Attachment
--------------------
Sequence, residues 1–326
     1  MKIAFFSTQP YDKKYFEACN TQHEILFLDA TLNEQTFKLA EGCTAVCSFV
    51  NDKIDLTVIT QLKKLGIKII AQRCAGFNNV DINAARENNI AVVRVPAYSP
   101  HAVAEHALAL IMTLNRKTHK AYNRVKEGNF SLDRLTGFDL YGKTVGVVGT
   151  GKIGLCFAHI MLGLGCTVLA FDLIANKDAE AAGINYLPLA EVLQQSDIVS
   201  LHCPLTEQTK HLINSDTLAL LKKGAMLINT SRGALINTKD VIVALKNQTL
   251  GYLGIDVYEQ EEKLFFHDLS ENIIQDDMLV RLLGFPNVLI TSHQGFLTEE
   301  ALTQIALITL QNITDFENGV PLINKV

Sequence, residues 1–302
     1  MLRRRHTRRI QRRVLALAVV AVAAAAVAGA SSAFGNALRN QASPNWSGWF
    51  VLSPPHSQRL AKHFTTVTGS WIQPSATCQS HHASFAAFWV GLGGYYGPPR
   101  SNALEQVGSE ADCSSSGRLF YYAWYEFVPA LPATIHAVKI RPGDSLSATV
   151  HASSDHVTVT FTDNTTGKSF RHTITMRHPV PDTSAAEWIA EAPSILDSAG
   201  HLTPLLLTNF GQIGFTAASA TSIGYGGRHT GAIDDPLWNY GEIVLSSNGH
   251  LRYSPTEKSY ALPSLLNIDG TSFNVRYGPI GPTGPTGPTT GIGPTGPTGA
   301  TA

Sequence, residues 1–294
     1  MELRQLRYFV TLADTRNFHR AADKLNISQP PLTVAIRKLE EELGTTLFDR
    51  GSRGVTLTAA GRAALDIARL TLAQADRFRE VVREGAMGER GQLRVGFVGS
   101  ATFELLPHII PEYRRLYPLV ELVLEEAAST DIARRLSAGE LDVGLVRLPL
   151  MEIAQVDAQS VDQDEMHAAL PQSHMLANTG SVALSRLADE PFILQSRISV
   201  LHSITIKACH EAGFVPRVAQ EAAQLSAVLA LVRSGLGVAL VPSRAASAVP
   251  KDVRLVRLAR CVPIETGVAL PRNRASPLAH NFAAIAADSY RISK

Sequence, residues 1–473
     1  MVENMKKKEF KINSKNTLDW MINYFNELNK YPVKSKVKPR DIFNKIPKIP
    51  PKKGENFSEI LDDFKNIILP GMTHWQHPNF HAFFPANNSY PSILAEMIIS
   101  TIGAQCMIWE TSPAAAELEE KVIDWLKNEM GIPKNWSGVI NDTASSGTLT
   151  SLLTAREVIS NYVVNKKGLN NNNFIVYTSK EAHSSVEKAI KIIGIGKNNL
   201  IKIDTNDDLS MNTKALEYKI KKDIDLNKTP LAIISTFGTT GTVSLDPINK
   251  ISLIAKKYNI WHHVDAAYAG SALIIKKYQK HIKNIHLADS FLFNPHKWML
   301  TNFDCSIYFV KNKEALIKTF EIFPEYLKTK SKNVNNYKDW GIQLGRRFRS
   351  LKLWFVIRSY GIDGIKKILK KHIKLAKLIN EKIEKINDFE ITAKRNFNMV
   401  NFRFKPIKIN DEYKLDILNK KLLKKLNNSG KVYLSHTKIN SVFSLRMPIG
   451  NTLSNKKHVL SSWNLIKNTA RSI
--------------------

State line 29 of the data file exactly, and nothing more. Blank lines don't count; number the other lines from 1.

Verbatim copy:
   201  IKIDTNDDLS MNTKALEYKI KKDIDLNKTP LAIISTFGTT GTVSLDPINK